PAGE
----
As of today, the average Progressive Action Score for members of the House of Representatives is 22.9. The average score for members of the Congressional Progressive Caucus is 42.5, and the average score for members of the Populist Caucus is 41.2. A first-pass conclusion is that members of the Progressive Caucus and the Populist Caucus are more akin to each other than they are to the rest of the members of the House. Strike one against the Skeptic’s Hypothesis.

Let’s get a little more resolution on this data. What about people who are members of both caucuses? How do they compare to those who are members of just one caucus, or to those who are members of neither?

Average Progressive Action Score for those not a member of either the Progressive Caucus or the Populist Caucus: 19.8

Average Progressive Action Score for those who are ONLY members of the Populist Caucus: 27.1

Average Progressive Action Score for those who are ONLY members of the Progressive Caucus: 39.0

Average Progressive Action Score for those who are members of BOTH the Progressive Caucus and the Populist Caucus: 53.1

Membership in the Congressional Progressive Caucus is a predictor of somewhat stronger progressivism than membership in the Congressional Populist Caucus — but both are predictors of progressivism. Membership in both caucuses is associated with the greatest commitment to progressivism in voting and cosponsorship.

To my eye, the Optimist’s Hypothesis is more strongly supported. An empirically-minded progressive should welcome the formation of the Populist Caucus and look forward to the possibility of action coordinated between it and the Progressive Caucus. Anything of this sort would be an improvement over the lassitude of the past.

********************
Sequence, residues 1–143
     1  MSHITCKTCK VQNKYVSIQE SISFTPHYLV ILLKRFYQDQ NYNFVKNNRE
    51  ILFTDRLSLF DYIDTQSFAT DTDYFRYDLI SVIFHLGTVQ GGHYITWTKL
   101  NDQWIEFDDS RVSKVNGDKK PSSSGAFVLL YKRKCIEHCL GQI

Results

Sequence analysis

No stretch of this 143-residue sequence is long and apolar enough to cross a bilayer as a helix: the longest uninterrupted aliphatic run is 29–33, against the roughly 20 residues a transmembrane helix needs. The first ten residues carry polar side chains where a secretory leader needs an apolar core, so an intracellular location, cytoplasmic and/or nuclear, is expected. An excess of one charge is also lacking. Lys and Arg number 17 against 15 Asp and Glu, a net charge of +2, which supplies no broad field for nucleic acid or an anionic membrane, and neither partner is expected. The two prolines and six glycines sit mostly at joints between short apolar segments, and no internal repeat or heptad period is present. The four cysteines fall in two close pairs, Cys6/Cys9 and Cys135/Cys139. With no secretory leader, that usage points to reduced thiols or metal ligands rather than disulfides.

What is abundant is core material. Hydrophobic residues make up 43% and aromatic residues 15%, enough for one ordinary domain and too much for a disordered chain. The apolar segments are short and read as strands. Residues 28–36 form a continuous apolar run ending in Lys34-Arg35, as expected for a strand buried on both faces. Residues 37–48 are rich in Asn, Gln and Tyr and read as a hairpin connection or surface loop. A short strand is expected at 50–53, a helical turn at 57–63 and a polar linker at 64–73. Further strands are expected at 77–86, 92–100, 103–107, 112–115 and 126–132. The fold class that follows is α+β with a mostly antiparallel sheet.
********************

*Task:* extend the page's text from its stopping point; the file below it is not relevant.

8 thoughts on “Progressive Caucus, Populist Caucus: Progressiver Than Thou?”

  1. qs says:

    I think the more liberal the country becomes the more the government will be controlling us and social engineering us etc. Liberals have a dark vision of government control.

  2. Jim says:

    The qs hypothesis is not borne out by the Bush years.

  3. qs says:

    Bush was a commie thug.

    1. Jim says:

      Bush was idolized and supported whole-hog by the Republican party until he proved unpopular, at which point everyone in the GOP started pretending they’d never heard his name.

      1. qs says:

        Well Reagan was terrible too. It’s just that Clinton turned out even worse.

        Bush is no good for sure though.

      2. qs says:

        I think a lot of it is that we HATE the republican party and don’t want to vote for them, but then there is the Demoncrat party who scares us to death. So the republicans can take the attitude of ya we’ll rape you but we’ll do it nicely whereas if you let the dems get power, there will be hell to pay.

  4. qs says:

    Republicans are getting good at making the government larger like the Democrats maybe worse…well that was until Obama. He seems worse than a normal dim to me.

    I score every U.S. president since Coolidge an F grade. Maybe Collidge was crappy too, but I wasn’t around to be annoyed my him as much. Maybe all F’s since Cleveland.

    Actually we’d be better off without “presidents.”

  5. qs says:

    I like Mitt Romney’s three legged stool platform for the American Right only he’s got it all wrong.

    Guns, Gold, and Secession. Anything else is just gobble gook.